Director: Robert Carlyle
Cast: Robert Carlyle, Emma Thompson, Ray Winstone, Ashley Jensen
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Robert Carlyle makes his directorial debut with The Legend of Barney Thomson, a title that fits the movie like batter deep-fried around a Mars Bar. The words “legend” and “Barney Thomson” couldn’t seem more at odds with each other: outlandish and epic on the one hand; dour and plain on the other. The film revels in that clash of tone.
Barney (Carlyle) is a miserable sort in a town full of miserable people. You couldn’t imagine the barber being a legend of any sort – he can barely even hold a conversation with a customer. That turns out to be a problem for his boss, who wants rid of him so he can hire someone with friendlier banter. A swift accidental murder later and Barney’s in even worse trouble. It’s not long before (the brilliantly named) Detective Inspector Holdall (Ray Winstone going full Ray Winstone) is sniffing around. The twist? The cop’s not even after him for that death – there’s a serial killer on the loose and Holdall reckons Barney’s to blame.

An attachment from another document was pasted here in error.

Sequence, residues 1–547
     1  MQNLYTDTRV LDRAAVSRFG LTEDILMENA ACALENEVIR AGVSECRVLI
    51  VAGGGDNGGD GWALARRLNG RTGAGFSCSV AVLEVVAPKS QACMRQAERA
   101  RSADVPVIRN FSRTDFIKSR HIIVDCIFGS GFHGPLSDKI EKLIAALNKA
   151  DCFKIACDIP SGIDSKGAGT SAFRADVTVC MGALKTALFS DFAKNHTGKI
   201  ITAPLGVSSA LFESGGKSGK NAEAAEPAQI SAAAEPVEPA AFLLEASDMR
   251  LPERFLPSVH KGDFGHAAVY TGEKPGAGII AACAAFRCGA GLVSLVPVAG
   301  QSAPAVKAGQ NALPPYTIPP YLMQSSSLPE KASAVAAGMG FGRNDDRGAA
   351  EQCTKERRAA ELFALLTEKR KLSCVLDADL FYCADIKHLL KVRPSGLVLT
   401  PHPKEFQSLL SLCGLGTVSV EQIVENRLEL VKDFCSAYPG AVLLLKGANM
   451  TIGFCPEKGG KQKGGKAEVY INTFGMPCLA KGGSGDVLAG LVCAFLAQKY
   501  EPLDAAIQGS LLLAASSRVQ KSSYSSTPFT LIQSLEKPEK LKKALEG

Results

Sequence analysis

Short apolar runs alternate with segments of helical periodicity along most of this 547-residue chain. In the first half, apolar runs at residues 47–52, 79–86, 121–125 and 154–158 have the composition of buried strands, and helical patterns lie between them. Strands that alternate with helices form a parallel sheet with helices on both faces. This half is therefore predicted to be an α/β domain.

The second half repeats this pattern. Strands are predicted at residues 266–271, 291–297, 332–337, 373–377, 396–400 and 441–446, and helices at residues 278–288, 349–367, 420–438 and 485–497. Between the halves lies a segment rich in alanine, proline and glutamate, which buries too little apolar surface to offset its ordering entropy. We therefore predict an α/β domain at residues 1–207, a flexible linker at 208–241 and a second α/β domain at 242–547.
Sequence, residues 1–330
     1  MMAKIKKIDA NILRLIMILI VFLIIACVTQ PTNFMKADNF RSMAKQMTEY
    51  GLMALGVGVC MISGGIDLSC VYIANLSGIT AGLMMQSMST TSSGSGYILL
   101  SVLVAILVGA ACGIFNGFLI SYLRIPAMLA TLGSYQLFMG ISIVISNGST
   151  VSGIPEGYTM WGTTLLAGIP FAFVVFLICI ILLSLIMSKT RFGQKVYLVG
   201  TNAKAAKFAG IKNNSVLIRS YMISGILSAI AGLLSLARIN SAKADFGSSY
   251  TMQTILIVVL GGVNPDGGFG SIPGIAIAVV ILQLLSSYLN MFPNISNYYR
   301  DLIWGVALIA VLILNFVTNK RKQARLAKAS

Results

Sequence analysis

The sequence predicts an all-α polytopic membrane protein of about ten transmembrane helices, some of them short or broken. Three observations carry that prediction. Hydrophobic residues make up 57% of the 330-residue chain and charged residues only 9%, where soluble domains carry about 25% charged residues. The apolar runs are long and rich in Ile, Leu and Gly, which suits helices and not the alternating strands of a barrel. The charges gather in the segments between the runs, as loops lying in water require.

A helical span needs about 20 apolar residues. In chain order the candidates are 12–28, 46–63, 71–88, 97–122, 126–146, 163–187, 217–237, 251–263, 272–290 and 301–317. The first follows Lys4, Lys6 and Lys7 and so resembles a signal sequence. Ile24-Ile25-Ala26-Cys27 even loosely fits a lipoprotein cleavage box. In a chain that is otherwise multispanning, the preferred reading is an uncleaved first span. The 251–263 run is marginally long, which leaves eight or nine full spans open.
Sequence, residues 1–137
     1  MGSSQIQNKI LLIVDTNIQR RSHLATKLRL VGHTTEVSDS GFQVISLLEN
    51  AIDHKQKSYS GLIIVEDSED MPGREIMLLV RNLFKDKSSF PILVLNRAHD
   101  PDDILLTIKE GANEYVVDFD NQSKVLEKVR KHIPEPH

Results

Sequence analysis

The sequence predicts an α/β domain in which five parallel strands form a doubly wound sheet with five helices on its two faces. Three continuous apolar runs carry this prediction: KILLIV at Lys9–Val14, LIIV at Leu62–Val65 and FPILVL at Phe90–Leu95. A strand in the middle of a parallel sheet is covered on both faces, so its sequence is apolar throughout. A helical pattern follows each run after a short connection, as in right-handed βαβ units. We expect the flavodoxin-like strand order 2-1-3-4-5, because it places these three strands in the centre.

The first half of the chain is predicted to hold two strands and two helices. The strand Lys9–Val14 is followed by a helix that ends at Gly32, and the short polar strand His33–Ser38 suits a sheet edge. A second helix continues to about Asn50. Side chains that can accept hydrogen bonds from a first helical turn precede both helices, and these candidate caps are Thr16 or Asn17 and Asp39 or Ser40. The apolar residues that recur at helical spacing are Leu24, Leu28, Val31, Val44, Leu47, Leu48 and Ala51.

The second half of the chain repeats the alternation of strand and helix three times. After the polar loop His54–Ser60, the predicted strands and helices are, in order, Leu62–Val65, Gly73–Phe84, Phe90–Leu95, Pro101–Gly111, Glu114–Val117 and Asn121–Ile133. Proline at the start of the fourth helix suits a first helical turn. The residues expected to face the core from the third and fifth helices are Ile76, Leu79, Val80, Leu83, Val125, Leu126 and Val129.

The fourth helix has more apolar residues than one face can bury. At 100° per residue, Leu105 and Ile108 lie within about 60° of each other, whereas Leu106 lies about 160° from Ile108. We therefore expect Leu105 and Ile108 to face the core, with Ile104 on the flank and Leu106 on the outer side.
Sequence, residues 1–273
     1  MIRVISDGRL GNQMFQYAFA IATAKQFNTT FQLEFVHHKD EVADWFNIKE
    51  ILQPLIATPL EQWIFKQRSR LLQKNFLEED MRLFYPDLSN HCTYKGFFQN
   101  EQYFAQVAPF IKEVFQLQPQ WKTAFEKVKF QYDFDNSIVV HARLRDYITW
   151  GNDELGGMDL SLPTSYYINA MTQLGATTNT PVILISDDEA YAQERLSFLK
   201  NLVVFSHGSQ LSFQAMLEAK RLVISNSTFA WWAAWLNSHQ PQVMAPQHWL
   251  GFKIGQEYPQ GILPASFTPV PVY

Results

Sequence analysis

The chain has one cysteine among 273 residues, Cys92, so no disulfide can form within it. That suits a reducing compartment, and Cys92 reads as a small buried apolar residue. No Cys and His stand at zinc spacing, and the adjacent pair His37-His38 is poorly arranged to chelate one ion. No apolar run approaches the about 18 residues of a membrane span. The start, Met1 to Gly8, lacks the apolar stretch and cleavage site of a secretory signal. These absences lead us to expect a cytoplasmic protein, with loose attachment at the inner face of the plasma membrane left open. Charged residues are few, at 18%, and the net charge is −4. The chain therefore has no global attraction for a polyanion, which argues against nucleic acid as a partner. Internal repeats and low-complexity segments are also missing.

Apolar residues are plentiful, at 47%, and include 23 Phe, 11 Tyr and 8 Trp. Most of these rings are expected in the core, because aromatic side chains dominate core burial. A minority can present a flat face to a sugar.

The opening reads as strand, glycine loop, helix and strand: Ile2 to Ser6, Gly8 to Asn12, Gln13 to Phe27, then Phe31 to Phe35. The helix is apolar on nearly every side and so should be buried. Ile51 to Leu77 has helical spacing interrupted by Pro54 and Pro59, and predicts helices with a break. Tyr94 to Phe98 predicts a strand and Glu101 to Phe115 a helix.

Carlyle milks the constant juxtaposition of the mundane and the macabre, the mistakenly homicidal and the moronic, forcing a wedge of dark comedy between the two. The gap is jarring – but intentionally so. From the opening voice over accompanied by shots of dismembered body parts, this is pulp fiction in the messiest sense of the word; you can almost see the lumps of the original novel after it’s been chopped, blended and mashed for the screen.
On the one hand, that’s The Legend of Barney Thomson’s greatest strength. The Glaswegian locations are wonderfully drab and the cast amusingly colourful, always out of step with each other. Holdall may have the wrong suspect, but he can sense something’s off about the whole story. Fitting right in with that are some stellar supporting turns, from Tom Courtenay as Holdall’s rude boss to Ashley Jensen as his rival, the overly macho DI Robertson. Taking the biscuit, though, is Emma Thompson, who transforms herself as Barney’s hilariously repulsive mum – a turn that recalls Mia Farrow in Broadway Danny Rose, if Mia Farrow’s character slipped in an ashtray while doing an impression of Vera Duckworth.
Carlyle gives his actors oodles of space to be as awkward as possible, but while the cast benefit, the rest of the production suffers: the script, which is balanced on a knife edge between rib-tickling and nerve-jangling, feels too uneven to be fully either. A surprisingly bloody conclusion to one subplot only emphasises the wildly unbalanced mood. The result is eccentric and odd, in a way that only real life can be. But sometimes, you need a little polish to make your grit easier to digest.